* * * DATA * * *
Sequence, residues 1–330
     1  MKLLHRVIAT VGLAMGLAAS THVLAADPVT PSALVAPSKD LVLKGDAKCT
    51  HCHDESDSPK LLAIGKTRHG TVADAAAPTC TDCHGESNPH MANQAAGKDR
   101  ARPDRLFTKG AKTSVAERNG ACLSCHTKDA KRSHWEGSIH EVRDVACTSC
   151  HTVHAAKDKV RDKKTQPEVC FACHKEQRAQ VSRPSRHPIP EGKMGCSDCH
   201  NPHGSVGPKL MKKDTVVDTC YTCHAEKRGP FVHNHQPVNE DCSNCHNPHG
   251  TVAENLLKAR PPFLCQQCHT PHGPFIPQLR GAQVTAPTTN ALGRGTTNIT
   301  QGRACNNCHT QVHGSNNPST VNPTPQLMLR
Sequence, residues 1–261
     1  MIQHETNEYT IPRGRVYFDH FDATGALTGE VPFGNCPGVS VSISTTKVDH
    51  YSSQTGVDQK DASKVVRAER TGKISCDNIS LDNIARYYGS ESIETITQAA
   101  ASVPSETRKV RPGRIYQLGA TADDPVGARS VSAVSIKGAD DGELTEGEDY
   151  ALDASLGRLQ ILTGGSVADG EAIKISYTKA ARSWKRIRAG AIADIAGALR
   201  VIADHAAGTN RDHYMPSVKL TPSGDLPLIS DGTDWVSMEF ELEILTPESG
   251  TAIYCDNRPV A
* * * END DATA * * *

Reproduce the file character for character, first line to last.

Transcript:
Sequence, residues 1–330
     1  MKLLHRVIAT VGLAMGLAAS THVLAADPVT PSALVAPSKD LVLKGDAKCT
    51  HCHDESDSPK LLAIGKTRHG TVADAAAPTC TDCHGESNPH MANQAAGKDR
   101  ARPDRLFTKG AKTSVAERNG ACLSCHTKDA KRSHWEGSIH EVRDVACTSC
   151  HTVHAAKDKV RDKKTQPEVC FACHKEQRAQ VSRPSRHPIP EGKMGCSDCH
   201  NPHGSVGPKL MKKDTVVDTC YTCHAEKRGP FVHNHQPVNE DCSNCHNPHG
   251  TVAENLLKAR PPFLCQQCHT PHGPFIPQLR GAQVTAPTTN ALGRGTTNIT
   301  QGRACNNCHT QVHGSNNPST VNPTPQLMLR
Sequence, residues 1–261
     1  MIQHETNEYT IPRGRVYFDH FDATGALTGE VPFGNCPGVS VSISTTKVDH
    51  YSSQTGVDQK DASKVVRAER TGKISCDNIS LDNIARYYGS ESIETITQAA
   101  ASVPSETRKV RPGRIYQLGA TADDPVGARS VSAVSIKGAD DGELTEGEDY
   151  ALDASLGRLQ ILTGGSVADG EAIKISYTKA ARSWKRIRAG AIADIAGALR
   201  VIADHAAGTN RDHYMPSVKL TPSGDLPLIS DGTDWVSMEF ELEILTPESG
   251  TAIYCDNRPV A